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Might small, trivial lies have worn down trust for good?

© Dana Ellyn, Trading places, 14 in x 18 in, oil on canvas –

It all begins with a little, white lie.

There are the casual lies, the happy lies, the ones told with a bit of a sneer, and those that happen out of convenience, empathy or omission. Small lies of all sorts, which we tell in all tones of voice and for all the reasons in the world, while we reassure ourselves that we’ll be able to disentangle ourselves from them, that they are never serious and that they are often—always—justified.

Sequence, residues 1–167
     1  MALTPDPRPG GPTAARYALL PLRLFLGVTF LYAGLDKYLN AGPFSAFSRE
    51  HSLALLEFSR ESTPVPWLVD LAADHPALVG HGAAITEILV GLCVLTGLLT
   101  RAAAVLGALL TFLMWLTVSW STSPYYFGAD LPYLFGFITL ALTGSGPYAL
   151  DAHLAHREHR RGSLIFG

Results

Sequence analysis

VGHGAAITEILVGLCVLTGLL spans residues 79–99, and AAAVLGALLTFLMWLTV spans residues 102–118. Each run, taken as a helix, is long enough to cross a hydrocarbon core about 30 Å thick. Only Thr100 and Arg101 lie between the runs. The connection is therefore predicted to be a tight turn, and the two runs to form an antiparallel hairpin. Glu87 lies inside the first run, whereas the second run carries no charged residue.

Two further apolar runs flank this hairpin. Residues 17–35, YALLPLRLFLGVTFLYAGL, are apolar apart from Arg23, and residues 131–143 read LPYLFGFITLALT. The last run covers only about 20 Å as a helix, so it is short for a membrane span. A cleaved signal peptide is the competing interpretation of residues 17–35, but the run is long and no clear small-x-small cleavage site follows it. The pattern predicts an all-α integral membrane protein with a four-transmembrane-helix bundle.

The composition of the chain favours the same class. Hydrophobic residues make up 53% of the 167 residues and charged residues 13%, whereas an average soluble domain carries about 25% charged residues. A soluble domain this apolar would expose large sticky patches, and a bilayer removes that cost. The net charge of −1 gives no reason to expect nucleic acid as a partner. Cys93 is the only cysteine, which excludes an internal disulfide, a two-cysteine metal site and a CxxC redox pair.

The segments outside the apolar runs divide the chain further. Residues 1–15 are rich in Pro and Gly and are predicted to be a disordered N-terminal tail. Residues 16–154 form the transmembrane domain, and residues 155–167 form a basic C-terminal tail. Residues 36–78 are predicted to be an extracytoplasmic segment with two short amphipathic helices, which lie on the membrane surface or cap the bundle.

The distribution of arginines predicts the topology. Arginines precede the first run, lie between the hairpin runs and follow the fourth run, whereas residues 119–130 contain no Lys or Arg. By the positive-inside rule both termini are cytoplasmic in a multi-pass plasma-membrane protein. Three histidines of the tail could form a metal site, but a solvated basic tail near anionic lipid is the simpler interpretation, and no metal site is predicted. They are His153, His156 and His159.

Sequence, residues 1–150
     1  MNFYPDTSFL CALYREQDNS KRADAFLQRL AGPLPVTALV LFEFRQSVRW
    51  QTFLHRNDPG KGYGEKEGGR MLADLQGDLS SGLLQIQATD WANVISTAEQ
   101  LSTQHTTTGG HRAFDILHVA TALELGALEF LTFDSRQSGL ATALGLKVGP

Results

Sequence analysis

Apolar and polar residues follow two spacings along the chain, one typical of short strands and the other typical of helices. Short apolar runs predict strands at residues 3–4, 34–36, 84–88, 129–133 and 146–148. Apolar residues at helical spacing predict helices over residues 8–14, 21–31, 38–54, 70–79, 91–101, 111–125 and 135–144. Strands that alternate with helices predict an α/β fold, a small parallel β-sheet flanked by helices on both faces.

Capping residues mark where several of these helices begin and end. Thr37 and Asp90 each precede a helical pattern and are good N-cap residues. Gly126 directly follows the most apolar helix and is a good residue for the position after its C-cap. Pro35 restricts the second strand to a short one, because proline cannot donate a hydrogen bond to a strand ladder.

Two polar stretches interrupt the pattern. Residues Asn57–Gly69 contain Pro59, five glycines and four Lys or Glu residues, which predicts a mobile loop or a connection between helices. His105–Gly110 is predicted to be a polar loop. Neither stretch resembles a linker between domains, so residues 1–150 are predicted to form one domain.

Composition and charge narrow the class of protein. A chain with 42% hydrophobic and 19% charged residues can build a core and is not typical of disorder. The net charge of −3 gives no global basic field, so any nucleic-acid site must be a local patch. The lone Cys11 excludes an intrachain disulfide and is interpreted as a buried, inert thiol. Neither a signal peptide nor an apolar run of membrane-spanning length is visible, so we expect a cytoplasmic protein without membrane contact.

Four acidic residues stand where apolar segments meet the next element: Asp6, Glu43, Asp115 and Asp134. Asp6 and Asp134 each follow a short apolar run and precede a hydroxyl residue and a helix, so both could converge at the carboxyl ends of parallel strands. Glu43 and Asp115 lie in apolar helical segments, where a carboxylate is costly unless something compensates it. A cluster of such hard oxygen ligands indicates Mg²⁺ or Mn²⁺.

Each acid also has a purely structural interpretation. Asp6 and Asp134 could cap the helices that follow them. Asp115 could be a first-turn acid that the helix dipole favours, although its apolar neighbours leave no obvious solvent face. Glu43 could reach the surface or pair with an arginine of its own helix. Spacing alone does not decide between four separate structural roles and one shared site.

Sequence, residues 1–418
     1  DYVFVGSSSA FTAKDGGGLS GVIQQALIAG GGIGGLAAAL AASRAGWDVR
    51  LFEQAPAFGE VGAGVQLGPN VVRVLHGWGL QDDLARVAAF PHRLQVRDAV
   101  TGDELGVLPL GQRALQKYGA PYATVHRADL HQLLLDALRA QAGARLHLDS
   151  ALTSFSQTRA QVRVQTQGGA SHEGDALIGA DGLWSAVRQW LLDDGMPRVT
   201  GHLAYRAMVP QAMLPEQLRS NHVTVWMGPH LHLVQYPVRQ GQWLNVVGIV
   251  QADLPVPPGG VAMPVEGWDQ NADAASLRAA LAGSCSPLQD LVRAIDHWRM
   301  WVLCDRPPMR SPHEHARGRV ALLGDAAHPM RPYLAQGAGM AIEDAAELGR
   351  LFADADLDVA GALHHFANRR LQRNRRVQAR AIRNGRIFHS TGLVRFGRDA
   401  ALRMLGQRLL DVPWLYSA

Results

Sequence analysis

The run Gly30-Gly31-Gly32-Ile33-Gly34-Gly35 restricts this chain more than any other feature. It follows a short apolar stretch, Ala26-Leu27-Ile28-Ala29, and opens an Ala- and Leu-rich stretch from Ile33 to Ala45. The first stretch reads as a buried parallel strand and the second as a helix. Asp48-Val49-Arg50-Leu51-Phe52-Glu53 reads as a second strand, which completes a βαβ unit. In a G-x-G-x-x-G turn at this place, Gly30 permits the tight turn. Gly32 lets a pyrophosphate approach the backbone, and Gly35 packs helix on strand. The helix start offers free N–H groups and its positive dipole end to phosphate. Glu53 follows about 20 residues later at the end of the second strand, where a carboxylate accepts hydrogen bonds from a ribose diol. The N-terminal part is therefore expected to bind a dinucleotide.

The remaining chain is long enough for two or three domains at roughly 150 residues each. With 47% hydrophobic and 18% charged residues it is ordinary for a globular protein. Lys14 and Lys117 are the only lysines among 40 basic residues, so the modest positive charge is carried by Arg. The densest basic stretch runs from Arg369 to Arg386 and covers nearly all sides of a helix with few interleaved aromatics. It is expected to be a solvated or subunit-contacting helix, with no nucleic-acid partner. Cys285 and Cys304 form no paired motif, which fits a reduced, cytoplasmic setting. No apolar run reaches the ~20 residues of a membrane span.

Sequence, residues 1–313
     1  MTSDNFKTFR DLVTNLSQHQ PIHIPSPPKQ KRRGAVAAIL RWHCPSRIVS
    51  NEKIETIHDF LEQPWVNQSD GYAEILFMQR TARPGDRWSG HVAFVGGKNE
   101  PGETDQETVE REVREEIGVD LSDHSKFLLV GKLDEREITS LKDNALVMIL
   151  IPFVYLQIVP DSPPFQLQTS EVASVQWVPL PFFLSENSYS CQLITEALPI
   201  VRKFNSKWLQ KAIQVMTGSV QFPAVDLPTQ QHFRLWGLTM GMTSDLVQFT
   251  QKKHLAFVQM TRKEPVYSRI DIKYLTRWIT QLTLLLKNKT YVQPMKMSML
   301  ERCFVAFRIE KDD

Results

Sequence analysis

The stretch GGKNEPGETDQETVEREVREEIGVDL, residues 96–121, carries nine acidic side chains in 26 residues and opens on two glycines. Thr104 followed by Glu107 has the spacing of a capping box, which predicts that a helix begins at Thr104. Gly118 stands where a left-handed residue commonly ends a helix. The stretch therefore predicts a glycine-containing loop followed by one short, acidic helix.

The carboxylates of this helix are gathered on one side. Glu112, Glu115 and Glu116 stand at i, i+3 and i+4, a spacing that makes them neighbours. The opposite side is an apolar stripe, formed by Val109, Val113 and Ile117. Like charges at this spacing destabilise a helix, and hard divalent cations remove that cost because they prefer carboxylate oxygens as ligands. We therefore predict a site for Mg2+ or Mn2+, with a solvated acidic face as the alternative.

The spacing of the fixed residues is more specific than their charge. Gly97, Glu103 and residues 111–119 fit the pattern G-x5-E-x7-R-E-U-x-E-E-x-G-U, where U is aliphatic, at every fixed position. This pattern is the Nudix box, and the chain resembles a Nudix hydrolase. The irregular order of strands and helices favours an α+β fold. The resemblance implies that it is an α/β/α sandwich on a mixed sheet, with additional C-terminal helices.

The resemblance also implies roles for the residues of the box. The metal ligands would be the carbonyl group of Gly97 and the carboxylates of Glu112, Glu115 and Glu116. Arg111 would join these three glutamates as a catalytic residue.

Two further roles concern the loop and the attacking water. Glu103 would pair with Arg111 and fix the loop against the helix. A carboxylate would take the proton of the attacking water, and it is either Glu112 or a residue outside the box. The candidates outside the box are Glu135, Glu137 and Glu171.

But are they really all that small? So small that their consequences are wholly trivial, so small there is no reason to dwell on them? No, not really.

All these little lies add up to something true. They reveal something about us, about the person telling them and especially about the person hearing them. The one who at some point notices a pattern, and who can then no longer help seeing that pattern everywhere.

All at once, he realises that he is being lied to, that he has been lied to, and in remembering the whole litany of lies with no guiding rhythm, no common thread, it becomes clear to him that the words he has trusted were traitorous.

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